Accessibility as a service

Investing in accessibility engineering makes business sense

Saratchandra Chowdary Kakarla | February 28, 2017

While accessibility engineering covers a much broader spectrum of the discussion surrounding accessibility, in this blog our focus is on information accessibility via channels of digital content consumption and software products (ICT) being used in workplace.

Investing in accessibility engineering for a web-content platform focused on consumer markets (the source of a larger share of your audience) may make business sense. A Microsoft-sponsored Forrester report indicates that:

57% of computer users are likely or very likely to benefit from the use of accessible technology

Further, the aging population with accessibility restrictions is steadily increasing worldwide. As a result, it is not always easy for a software technology company to dedicate engineering bandwidth to building enterprise products compliant to accessibility norms.

To start with, the UN Convention on the Rights of Persons with Disabilities recognizes access to information and communications technologies (including the web) as a basic human right (Source: ) – making non-compliance a human-rights violation.

Accessibility is becoming a clear compliance requirement for web content, which effectively leads to long-drawn legal battles (thanks to unclear guidelines – for instance, the American Disability Act Guidelines are delayed and will not be available before 2018), huge penalties, and negative publicity. There has been a rapid increase in the number of lawsuits filed across the US, with 95% of website-access lawsuits filed in federal courts within these four states: California, Pennsylvania, New York, and Florida. In the first half of 2016, more than 3400 ADA related lawsuits were filed, an increase of 63% from 2015.



Here are some quick stats you will find relevant while building software products or platforms for consumer markets:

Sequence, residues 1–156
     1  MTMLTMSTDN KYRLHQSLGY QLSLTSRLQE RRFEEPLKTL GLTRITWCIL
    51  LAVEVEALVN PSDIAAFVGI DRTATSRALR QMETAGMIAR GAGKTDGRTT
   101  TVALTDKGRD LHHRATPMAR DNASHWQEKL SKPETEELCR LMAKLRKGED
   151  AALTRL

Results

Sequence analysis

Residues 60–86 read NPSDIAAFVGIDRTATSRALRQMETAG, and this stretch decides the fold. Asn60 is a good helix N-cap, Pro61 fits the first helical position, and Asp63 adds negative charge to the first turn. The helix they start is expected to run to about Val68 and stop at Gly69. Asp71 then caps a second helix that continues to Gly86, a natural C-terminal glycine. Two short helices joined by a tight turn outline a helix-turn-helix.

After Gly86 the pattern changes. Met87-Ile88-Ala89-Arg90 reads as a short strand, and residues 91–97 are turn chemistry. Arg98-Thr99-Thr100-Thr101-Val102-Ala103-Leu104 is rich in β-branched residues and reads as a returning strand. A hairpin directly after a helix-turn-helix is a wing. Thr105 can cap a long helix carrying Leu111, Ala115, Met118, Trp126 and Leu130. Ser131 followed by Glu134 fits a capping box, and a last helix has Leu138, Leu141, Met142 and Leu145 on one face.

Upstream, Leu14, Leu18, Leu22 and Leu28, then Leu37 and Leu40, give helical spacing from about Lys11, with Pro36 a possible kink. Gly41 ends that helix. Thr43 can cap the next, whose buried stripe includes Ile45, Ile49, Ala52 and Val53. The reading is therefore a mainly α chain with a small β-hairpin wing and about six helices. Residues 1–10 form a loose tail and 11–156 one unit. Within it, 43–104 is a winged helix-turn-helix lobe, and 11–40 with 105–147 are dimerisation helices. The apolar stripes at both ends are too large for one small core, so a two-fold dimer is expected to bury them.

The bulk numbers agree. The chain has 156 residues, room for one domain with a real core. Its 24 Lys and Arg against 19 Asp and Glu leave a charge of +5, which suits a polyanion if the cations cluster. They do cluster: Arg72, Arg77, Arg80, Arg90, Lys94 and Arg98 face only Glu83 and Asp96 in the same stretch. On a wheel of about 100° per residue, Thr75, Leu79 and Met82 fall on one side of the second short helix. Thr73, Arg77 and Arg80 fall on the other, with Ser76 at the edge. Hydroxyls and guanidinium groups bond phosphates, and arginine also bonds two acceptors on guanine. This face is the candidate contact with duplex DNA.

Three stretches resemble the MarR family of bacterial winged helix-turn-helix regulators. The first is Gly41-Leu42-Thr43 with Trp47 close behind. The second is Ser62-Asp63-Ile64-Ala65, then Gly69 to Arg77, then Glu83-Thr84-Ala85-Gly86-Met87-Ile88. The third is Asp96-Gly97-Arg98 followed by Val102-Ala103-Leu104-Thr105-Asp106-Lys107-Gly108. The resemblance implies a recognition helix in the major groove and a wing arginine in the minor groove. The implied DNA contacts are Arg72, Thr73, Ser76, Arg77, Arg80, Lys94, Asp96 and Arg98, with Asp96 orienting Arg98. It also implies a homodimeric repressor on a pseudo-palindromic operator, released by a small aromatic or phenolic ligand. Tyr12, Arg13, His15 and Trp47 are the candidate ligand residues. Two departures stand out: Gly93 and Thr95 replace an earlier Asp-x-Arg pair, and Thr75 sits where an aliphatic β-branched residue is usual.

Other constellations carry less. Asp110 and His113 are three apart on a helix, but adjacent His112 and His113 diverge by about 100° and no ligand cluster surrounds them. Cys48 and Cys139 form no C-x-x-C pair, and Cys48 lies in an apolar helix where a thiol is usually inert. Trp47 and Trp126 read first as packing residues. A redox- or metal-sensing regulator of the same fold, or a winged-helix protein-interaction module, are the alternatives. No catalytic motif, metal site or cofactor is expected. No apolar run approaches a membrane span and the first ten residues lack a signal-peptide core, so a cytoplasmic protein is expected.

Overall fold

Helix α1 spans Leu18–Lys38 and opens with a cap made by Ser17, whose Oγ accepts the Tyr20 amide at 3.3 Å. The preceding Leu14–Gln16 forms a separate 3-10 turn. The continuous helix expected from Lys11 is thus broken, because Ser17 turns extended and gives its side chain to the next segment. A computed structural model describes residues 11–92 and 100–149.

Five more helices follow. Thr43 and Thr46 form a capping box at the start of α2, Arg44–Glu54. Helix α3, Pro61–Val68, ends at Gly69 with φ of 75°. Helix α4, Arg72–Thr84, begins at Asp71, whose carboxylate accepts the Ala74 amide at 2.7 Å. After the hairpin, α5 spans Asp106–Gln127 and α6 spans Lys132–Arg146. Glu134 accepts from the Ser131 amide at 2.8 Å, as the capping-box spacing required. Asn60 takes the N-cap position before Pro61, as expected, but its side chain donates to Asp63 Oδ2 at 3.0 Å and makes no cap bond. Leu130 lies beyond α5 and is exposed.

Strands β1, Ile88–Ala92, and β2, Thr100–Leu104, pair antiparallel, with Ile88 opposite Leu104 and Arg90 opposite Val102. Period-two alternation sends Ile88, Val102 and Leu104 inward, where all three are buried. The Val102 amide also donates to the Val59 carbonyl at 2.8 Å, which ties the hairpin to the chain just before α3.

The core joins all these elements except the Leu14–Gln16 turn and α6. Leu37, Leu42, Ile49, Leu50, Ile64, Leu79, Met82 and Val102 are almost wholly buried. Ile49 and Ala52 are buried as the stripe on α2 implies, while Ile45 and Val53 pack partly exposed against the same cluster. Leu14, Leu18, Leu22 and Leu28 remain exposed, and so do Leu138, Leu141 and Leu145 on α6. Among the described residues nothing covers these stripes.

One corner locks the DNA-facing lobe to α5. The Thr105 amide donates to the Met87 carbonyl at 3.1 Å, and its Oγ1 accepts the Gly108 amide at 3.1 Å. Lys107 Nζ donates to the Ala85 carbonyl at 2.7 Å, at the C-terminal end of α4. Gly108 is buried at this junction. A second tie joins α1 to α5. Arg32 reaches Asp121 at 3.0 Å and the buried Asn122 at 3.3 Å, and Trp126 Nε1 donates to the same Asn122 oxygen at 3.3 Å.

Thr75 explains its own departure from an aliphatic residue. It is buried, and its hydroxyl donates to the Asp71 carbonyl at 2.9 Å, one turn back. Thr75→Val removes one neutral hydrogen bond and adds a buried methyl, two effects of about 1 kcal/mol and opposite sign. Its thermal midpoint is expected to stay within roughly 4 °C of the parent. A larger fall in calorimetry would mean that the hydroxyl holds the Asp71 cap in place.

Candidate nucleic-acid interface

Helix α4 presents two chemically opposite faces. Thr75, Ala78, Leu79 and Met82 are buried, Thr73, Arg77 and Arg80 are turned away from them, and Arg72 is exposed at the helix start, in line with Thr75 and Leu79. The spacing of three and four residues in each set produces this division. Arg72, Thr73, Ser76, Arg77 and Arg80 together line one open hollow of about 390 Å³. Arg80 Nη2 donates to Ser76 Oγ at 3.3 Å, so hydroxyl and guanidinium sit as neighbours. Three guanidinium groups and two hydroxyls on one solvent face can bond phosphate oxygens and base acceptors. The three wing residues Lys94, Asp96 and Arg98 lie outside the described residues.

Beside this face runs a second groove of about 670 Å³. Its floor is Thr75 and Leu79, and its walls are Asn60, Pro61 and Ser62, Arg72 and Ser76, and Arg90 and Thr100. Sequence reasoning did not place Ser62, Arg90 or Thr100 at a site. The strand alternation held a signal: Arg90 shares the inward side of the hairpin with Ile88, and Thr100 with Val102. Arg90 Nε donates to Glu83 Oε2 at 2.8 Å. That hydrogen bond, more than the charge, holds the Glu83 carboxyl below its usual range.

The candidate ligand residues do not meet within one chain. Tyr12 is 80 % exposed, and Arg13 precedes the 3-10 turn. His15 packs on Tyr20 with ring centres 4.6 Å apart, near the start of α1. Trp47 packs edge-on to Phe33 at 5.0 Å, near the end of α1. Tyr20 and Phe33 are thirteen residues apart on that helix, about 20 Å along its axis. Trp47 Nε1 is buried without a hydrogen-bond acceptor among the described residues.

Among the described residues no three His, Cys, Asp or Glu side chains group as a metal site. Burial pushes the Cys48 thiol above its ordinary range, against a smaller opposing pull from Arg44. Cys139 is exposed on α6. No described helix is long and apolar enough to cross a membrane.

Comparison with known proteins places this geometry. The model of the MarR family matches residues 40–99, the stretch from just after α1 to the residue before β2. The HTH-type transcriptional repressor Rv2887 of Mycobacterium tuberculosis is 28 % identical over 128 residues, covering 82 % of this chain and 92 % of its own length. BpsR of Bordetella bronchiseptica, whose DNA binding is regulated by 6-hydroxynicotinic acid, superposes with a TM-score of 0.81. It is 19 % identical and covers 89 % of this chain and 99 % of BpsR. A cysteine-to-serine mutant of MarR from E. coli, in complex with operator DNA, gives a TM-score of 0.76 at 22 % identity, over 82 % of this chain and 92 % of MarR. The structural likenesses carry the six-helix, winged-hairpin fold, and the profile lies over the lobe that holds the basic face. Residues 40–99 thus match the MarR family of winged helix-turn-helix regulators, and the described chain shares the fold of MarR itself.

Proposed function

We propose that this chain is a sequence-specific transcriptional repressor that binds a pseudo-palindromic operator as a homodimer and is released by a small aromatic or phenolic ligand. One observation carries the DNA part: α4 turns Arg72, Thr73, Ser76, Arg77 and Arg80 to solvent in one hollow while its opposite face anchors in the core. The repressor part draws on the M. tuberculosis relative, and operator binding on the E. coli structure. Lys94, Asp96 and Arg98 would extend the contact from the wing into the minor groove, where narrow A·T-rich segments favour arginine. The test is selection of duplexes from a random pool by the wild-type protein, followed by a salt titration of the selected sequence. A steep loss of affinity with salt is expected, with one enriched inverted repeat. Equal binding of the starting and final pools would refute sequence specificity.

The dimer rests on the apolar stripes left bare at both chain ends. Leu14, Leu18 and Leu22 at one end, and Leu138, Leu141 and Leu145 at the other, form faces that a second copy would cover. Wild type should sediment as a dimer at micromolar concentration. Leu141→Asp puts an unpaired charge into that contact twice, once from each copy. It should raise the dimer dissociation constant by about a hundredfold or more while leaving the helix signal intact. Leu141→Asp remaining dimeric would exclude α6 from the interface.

1. 44% of computer users need some form of accessible technology
  2. In UK, 75% of disabled people and their families have turned down a service provider because of poor disability awareness, at a cost of £21.6bn to businesses
  3. 20% of the UK workforce engaged in large businesses and public sector organizations have accessibility challenges

To promote diversity and inclusiveness, corporates are focusing on providing accessible technologies to their aging employees and disabled workforce. This boosts productivity, consequently increasing the demand for workplace technologies that are accessibility friendly. In fact, this is also improving productivity of the non-disabled workforce – 80% of private sector and 74% of public sector organizations agree that by addressing accessibility, they can create technology solutions that help the broader, nondisabled workforce as well: says Forrester.

In most product development organizations, therefore, Chief Accessibility officers (a position not common a couple of years back) or equivalent roles are evangelizing and driving the agenda, often furthering a corporate directive, of making all the products accessible. Most product organizations have started formulating their own accessibility guidelines and standards, which provide clarity to product engineering teams without them getting confused by international or localized versions.

Also, this has pushed engineering teams to integrate accessibility into the product development process – reducing overall costs. While incorporating accessibility engineering best practices might drive up product engineering costs in short-term, an integrated approach provides a better ROI than investing in a piecemeal model, focusing only on accessibility testing or post-development certification.



Note: This blog was originally posted at HCL Blog page